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  10. Matthew D. Adler (2005). Louis Kaplow and Steven Shavell, Fairness Versus Welfare:Fairness Versus Welfare. Ethics 115 (4):824-828.
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  11. Matthew D. Adler, Popular Constitutionalism and the Rule of Recognition: Whose Practices Ground U.
    The law within each legal system is a function of the practices of some social group. In short, law is a kind of socially grounded norm. H.L.A Hart famously developed this view in his book, The Concept of Law, by arguing that law derives from a social rule, the so-called “rule of recognition.” But the proposition that social facts play a foundational role in producing law is a point of consensus for all modern jurisprudents in the Anglo-American tradition: not just (...)
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  12. Matthew D. Adler (2002). Review of Matthew H. Kramer (Ed.), Rights, Wrongs and Responsibilities. [REVIEW] Notre Dame Philosophical Reviews 2002 (9).
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  13. Matthew D. Adler & Eric A. Posner (eds.) (2001). Cost-Benefit Analysis: Legal, Economic, and Philosophical Perspectives. University of Chicago Press.
    Cost-benefit analysis is a widely used governmental evaluation tool, though academics remain skeptical. This volume gathers prominent contributors from law, economics, and philosophy for discussion of cost-benefit analysis, specifically its moral foundations, applications and limitations. This new scholarly debate includes not only economists, but also contributors from philosophy, cognitive psychology, legal studies, and public policy who can further illuminate the justification and moral implications of this method and specify alternative measures. These articles originally appeared in the Journal of Legal Studies. (...)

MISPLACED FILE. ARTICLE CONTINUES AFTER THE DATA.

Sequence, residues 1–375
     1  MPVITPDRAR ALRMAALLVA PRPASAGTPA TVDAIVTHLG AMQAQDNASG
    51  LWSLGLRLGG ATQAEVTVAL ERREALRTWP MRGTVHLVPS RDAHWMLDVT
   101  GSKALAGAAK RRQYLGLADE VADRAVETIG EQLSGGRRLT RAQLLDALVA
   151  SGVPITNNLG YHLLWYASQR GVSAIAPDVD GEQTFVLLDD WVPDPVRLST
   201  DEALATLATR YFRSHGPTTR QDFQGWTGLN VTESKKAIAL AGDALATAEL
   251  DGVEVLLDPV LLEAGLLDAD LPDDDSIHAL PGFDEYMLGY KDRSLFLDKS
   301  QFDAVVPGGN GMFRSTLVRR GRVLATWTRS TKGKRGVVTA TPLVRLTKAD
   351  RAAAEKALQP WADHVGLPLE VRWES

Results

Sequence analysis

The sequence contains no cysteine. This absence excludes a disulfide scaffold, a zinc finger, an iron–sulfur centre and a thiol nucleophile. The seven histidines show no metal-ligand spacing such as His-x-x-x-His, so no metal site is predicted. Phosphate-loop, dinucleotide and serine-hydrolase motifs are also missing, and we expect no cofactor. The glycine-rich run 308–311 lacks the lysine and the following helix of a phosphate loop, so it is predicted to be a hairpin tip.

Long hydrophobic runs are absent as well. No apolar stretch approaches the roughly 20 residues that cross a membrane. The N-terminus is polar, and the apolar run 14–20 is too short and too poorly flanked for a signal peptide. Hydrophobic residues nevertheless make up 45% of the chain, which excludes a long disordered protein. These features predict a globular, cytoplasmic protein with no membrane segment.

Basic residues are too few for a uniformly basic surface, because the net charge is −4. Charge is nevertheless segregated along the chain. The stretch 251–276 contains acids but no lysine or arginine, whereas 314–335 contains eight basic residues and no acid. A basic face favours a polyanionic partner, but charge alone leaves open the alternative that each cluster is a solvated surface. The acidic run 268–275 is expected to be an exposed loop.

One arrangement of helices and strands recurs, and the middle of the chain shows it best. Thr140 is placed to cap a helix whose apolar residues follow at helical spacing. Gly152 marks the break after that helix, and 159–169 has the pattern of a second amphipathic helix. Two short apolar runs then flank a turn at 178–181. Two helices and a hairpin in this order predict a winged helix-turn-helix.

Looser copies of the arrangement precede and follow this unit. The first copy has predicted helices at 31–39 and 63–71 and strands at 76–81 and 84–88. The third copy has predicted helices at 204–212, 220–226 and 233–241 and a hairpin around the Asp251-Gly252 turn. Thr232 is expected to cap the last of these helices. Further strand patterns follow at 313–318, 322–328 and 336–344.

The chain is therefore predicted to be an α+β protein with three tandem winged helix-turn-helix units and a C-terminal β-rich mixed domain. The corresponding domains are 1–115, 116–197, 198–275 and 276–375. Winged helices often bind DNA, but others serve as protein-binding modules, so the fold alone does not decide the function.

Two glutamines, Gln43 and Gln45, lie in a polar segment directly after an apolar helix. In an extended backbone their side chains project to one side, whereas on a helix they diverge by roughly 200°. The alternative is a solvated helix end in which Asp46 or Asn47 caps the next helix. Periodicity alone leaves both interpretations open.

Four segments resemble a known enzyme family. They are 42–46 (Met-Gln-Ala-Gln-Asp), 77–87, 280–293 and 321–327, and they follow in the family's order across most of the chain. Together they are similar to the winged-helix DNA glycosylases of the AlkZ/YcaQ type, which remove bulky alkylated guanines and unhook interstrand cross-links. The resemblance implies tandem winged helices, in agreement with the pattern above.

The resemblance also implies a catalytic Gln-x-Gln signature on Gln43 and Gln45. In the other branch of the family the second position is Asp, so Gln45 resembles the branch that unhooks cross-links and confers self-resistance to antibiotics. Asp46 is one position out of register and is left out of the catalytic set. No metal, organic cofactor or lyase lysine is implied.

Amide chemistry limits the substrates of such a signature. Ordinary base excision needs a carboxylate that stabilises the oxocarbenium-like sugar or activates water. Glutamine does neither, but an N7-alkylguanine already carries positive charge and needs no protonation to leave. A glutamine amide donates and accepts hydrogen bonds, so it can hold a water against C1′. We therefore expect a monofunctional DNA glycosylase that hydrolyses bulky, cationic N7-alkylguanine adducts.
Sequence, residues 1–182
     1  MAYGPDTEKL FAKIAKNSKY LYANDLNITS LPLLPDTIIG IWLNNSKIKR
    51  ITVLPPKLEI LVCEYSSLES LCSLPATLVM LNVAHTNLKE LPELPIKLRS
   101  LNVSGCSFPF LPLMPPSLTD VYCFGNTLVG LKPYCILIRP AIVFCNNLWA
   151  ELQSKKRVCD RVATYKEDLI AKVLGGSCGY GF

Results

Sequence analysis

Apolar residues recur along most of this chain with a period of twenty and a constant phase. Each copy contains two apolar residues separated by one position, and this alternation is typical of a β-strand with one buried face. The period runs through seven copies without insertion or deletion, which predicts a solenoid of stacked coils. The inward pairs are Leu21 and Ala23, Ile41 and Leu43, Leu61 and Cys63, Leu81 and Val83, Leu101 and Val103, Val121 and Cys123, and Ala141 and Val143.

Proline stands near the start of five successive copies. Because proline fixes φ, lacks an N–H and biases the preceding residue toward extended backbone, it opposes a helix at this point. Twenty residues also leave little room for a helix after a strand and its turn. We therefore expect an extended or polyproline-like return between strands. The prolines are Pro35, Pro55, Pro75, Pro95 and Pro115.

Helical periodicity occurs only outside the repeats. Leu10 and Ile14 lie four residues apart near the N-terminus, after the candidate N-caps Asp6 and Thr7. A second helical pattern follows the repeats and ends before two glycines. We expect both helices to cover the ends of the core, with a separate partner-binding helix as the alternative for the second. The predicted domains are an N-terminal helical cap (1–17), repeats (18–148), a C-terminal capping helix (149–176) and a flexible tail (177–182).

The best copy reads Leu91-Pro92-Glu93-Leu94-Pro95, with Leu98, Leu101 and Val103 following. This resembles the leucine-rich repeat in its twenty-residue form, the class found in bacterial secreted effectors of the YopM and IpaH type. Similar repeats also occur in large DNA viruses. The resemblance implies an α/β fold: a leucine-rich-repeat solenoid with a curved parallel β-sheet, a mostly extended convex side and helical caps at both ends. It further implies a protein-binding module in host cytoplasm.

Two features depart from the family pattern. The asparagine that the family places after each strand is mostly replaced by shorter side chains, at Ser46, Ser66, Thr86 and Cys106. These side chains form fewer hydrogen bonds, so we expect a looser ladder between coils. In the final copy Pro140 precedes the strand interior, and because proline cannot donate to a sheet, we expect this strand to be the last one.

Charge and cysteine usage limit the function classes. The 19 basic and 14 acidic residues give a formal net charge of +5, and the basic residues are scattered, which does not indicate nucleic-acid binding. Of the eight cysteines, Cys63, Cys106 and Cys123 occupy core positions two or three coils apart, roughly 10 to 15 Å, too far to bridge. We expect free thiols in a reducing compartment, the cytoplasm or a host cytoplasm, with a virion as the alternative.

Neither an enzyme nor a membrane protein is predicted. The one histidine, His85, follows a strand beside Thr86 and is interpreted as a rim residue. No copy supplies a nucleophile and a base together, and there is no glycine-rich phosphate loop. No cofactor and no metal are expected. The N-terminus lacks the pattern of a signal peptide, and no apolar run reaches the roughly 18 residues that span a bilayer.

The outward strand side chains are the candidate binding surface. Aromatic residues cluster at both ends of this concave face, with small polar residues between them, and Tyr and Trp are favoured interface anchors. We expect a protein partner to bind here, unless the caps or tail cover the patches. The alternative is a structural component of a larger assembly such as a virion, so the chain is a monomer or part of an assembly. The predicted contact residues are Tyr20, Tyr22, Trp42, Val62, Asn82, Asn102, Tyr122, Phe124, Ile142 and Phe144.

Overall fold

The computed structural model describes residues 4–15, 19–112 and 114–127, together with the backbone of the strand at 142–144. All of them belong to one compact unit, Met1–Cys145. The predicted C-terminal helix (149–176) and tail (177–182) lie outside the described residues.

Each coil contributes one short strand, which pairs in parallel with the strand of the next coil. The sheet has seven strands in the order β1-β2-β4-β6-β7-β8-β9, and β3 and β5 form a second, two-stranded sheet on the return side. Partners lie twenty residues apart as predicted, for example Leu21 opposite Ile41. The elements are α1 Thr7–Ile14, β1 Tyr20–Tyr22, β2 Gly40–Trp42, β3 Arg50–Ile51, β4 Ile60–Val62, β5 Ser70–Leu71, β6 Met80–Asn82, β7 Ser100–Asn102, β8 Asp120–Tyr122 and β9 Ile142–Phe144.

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  14. Matthew D. Adler (2000). Personal Rights and Rule-Dependence. Legal Theory 6 (4):337-389.
    Can constitutional rights be both personal and rule-dependent? Can it be true of constitutional adjudication (1) that a constitutional litigant must assert rights, and yet also (2) that the viability of a constitutional challenge depends (or sometimes depends) on whether a particular type of legal rule, for example, a discriminatory or poorly tailored rule, is in force?
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  15. Matthew D. Adler (2000). Richard A. Posner, The Problematics of Moral and Legal Theory Reviewed By. Philosophy in Review 20 (2):142-145.
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  16. Matthew D. Adler & Michael C. Dorf (2000). Rights and Rules. Legal Theory 6 (3):241-251.
    Prior to recent decades, the United States Supreme Court often invoked the political question doctrine to avoid deciding controversial questions of individual rights. 1 By the 1970s and 1980s, standing limits traced to Article IIIs arsenal of threshold decision making, 3 in the last decade the Court has turned with increasing frequency to the distinction between facial and as-applied challenges to perform the gatekeeping function. However, although there is a considerable body of scholarship concerning the conventional justiciability doctrines, scholars have (...)
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  17. Matthew D. Adler (1999). Ruth Chang, Ed., Incommensurability, Incomparability and Practical Reason Reviewed By. Philosophy in Review 19 (3):168-171.